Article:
When opposition fans don’t want to play against you, it’s usually a compliment.
However, when it’s your own fans who’d rather your name wasn’t on the team sheet then you’ve got big problems, and that’s the situation Federico Fazio finds himself in following his summer arrival at Tottenham for £8m.
On his Premier League debut, Fazio was tormented by Sergio Aguero in a match which saw the forward score four, and have clear cut opportunities for at least another four.
His misery was ended after 66 minutes with the game in the balance at 2-1 (and should have been 2-2 if Sold-a-dud had scored his penalty!) when he was sent off for bringing Aguero down as the last man, giving away a penalty in the process.
A couple of weeks later, he was again sent off as he brough down Asteras Tripoli striker Barrales down for another penalty in the Europa League.
While his mistakes have not been exploited as obviously since, he has also ridden his luck in a number of games since, and was punished for it when Hazard robbed him in the late kick off on 1st January.
At 27, he’s not young enough to hide behind inexperience either.
At 6’5″ tall and over 13 stone in weight, Fazio relies in many instances on his brute force.
As a result his better performances have typically come against big, bruisy and aggressive centre forwards in teams playing primarily a route one game. Certainly his aerial dual statistics are pretty impressive.
However, he has a tendency to commit to winning the ball and Spurs have seen a number of occasions this season where he and Vertonghen both want to rush out and win the ball, but leave all sorts of space and trouble behind them.
It’s a scenario Arsenal fans will be familiar with, having seen the same occur on a number of occasions when Vermaelen and Koscielny were deployed as a pairing.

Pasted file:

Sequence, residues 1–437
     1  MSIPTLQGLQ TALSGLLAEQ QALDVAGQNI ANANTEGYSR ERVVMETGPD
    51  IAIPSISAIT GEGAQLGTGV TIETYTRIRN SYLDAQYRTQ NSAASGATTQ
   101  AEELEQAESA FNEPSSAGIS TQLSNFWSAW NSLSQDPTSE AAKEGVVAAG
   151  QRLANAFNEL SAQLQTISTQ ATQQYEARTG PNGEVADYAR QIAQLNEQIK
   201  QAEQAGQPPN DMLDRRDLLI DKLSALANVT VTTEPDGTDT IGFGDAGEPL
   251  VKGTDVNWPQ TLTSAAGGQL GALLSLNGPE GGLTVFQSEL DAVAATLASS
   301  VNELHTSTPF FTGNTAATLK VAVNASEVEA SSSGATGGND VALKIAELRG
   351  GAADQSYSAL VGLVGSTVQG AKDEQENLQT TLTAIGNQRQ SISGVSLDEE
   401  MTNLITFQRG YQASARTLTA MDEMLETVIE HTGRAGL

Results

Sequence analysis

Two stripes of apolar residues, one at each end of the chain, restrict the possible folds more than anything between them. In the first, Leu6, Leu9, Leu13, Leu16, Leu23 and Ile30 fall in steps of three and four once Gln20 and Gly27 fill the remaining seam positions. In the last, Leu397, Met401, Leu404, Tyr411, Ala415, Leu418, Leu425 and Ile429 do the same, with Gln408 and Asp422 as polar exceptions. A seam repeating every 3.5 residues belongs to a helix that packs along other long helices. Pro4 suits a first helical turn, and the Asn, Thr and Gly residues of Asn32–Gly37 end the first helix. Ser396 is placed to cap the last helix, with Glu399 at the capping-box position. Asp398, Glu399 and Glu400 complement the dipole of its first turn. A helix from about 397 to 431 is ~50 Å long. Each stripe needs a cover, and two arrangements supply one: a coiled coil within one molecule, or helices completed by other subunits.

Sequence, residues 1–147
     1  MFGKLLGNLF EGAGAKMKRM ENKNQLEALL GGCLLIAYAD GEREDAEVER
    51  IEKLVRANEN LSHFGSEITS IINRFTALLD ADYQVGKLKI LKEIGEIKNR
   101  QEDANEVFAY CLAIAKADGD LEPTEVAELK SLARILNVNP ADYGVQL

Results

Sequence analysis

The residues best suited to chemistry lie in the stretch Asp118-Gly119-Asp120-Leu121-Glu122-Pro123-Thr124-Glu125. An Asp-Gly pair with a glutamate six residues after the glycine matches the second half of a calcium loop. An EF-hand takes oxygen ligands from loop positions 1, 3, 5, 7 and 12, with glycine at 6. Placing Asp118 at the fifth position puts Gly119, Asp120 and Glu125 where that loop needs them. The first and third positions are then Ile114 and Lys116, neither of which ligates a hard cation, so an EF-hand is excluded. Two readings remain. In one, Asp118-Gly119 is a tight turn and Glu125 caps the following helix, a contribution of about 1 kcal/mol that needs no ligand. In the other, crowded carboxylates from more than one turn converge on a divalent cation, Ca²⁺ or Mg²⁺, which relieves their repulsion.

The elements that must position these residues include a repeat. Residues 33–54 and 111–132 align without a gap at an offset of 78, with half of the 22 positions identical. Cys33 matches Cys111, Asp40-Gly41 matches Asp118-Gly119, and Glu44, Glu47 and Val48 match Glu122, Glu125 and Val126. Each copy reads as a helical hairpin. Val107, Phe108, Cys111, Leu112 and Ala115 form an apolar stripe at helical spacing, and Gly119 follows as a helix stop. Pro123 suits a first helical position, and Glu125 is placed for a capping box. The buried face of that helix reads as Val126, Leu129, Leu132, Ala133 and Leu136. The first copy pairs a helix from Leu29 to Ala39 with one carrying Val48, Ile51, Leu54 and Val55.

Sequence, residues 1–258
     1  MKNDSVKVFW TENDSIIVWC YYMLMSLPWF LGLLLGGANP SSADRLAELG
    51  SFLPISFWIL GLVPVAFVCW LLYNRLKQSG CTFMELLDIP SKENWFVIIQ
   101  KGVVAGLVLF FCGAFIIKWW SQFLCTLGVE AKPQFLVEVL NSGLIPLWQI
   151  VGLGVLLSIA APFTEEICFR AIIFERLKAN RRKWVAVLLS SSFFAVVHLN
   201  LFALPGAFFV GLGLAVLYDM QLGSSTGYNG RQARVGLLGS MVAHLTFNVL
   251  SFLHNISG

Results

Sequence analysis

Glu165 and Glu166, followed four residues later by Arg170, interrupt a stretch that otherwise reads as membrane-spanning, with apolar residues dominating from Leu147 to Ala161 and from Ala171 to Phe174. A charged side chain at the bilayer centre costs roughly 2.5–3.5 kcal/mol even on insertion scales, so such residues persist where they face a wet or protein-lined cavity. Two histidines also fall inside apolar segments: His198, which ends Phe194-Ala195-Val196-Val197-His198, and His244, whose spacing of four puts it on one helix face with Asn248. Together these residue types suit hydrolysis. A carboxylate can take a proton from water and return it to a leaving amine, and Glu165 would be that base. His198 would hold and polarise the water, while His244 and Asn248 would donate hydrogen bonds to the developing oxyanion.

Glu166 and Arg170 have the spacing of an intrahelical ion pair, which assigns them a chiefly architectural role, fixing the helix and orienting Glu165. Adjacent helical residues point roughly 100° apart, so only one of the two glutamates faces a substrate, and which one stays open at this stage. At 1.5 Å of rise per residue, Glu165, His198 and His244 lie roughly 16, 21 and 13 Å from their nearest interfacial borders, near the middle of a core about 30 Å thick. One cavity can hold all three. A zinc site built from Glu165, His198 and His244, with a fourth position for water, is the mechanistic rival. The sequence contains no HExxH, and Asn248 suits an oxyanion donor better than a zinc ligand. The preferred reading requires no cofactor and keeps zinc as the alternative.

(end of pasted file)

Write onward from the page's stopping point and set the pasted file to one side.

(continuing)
Fazio’s biggest issue is that he doesn’t seem to do any sort of risk-reward computation, instead favouring attacking the ball in every circumstance.
This presents a real opportunity for Arsenal to suck the Argentinian in towards Giroud before letting Ozil and Cazorla play in the likes of Walcott and Alexis to use their pace and canter in behind the Spurs defence.
It also means he has a propensity for giving away penalties and collecting cards, since he’s unable to resist putting in challenges no matter whether the player is going nowhere or he has no chance of winning the ball legally.
Then of course there is his liability on the ball.
He has a complete lack of composure born out of low concentration levels, and this means he is prone to either rushing his passing or sometimes getting caught on the ball, as he did for Chelsea’s second in the 5-3 on New Years Day.
None of this is new either – he was hit and miss in his time at Sevilla too.
Ultimately, consistency is key in your own half.
It’s why David James never hit the dizziest heights, since his mistakes were too frequent to be compensated by his best performances.
In reverse, it’s why Per Mertesacker has made over 100 appearances for Germany despite being apparently lacking in a number of areas. There’s not as much need for recovery pace if you don’t make a mistake which needs recovering in the first place!
Fazio has not shown any consistency in his seven months in English football, and is a weak link in an otherwise passable Spurs defence.
The likes of Cazorla and Ozil will be key to capitalising on this on Saturday.